Print Friendly, PDF & Email

“I know cops who twisted their ankle took longer off work than you. Being dead for fifteen minutes is still dead.”

“And now I’m alive. You just said so. So what’s your point?”

Sam Kincaid looked at Jim Grant. “Here’s my point. Getting resurrected takes a damn sight longer than getting over a twisted ankle.”

Queens, New York

The old man in Bed 7 said he’d been involved in a work accident up the road from New York Presbyterian–Queens. Ward 4E doesn’t deal with work accidents; it is the Intensive Care Unit. Dementia is robbing George Edwards of any coherent thoughts until his face finally clears, and he looks at the nurse. “Okay. I know what happened. I need you to call my son. He’s with the Boston Police at Jamaica Plain.”

Jim Grant isn’t at Jamaica Plain. He is taking Sam Kincaid’s advice and getting over being resurrected. Until he gets a call from New York to say his father is seriously ill. A mercy dash to the hospital sees Grant arrive too late. His father has been abducted. A bomb has exploded outside a diner. And the FBI wants to know how Grant’s father knows a Russian oligarch who is even older than he is. For father and son, it could be the last chance to reconcile their differences. It might also be the last chance for everything.

Author Colin Campbell met up with The Big Thrill to discuss his latest Jim Grant thriller, CHANCE HARBOUR:

Which took shape first: plot, character, or setting?

Colin Campbell

Since this is a continuation of the Jim Grant series, it obviously started with Jim Grant. The plot sprang from an incident in hospital when I was sitting at my brother’s bedside. I could hear an elderly man asking the nurse to call his wife. The nurse kept telling him that his daughter had called the hospital and would be visiting. Five minutes later, he asked the same question, saying he’d been in a works accident and felt okay. When I looked around the curtain, I saw that he was far too old to be working and realised he was suffering from dementia. I made a note of the conversation and thought, What if the old man had a moment of clarity and asked for his son? Jim Grant. After that, it was a case of where to set the story. I had stayed at a hotel in Queens for my brother’s wedding (him again) and liked the idea of bringing that story full circle. Then the plot dictated the setting as it headed to its conclusion at Chance Harbour just across the Canadian border.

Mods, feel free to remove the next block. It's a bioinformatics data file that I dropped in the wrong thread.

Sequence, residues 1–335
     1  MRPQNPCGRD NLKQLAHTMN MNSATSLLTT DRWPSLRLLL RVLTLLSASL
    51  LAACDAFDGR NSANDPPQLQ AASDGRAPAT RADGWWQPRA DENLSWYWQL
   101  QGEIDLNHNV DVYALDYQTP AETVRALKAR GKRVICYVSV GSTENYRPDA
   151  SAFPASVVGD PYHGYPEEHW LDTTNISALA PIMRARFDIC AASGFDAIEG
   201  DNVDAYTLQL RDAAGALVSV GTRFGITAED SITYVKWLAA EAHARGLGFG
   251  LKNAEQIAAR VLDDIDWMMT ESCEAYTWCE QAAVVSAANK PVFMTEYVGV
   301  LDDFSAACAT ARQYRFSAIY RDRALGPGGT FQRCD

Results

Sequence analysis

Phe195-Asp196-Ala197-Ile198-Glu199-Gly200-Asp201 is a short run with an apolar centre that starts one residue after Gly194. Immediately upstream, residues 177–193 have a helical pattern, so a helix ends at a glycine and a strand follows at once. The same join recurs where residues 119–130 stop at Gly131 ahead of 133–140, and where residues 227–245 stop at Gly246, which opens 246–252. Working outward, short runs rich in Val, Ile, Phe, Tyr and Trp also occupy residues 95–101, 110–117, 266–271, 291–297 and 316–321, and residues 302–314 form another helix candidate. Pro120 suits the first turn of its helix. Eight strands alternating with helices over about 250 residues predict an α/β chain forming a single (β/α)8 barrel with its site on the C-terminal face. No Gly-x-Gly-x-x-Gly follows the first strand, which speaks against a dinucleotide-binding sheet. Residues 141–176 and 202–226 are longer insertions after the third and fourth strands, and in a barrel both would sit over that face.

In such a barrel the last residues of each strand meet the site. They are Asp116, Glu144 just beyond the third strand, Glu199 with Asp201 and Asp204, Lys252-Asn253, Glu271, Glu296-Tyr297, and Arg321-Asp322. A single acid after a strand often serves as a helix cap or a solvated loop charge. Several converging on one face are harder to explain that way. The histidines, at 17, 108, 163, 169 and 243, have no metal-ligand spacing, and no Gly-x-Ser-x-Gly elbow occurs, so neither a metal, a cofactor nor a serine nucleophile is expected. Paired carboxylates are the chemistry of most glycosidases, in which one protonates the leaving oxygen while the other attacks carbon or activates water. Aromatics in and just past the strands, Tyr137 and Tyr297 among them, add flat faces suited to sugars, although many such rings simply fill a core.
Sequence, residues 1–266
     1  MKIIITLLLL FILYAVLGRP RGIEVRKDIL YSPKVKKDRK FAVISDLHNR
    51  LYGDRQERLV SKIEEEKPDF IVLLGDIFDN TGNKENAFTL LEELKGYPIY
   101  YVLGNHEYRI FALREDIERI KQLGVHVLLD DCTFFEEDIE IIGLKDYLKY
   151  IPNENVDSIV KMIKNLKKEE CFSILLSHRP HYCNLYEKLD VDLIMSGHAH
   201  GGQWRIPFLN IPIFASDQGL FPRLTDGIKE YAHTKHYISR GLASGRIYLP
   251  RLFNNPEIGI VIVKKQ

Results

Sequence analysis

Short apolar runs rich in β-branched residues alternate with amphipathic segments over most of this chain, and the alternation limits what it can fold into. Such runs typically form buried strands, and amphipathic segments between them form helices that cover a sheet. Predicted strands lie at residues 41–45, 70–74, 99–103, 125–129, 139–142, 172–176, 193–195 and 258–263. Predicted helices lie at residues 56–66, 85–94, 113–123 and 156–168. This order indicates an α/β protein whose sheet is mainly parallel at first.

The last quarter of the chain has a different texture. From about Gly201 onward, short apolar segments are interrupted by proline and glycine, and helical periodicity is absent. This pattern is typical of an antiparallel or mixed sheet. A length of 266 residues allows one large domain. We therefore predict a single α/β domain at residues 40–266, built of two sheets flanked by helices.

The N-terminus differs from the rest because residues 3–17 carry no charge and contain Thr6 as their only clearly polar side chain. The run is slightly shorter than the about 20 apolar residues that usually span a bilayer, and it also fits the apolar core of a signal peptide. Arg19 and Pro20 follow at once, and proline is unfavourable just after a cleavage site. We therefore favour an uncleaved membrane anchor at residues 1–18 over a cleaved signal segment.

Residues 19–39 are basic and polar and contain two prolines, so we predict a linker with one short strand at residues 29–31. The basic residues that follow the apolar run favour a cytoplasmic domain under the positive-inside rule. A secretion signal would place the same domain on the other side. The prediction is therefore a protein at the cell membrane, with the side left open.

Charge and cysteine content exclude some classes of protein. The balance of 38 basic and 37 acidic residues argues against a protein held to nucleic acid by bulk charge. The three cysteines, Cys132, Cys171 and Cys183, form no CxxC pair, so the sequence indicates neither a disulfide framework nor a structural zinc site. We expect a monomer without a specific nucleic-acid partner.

What attracts you to this book’s genre?

I’m going to add a couple of wrinkles to my usual answer. I still like a story that moves and characters that get in too deep then dig themselves out. Those characters can either be innocent bystanders that get caught up in a crime or the professionals whose job it is to protect and serve. Either way, crime fiction lets your hero step up to the plate. Being ex-army and retired police, I do tend to gravitate toward the professionals. And they’re all better than I used to be.

What was the biggest challenge this book presented? What about the biggest opportunity?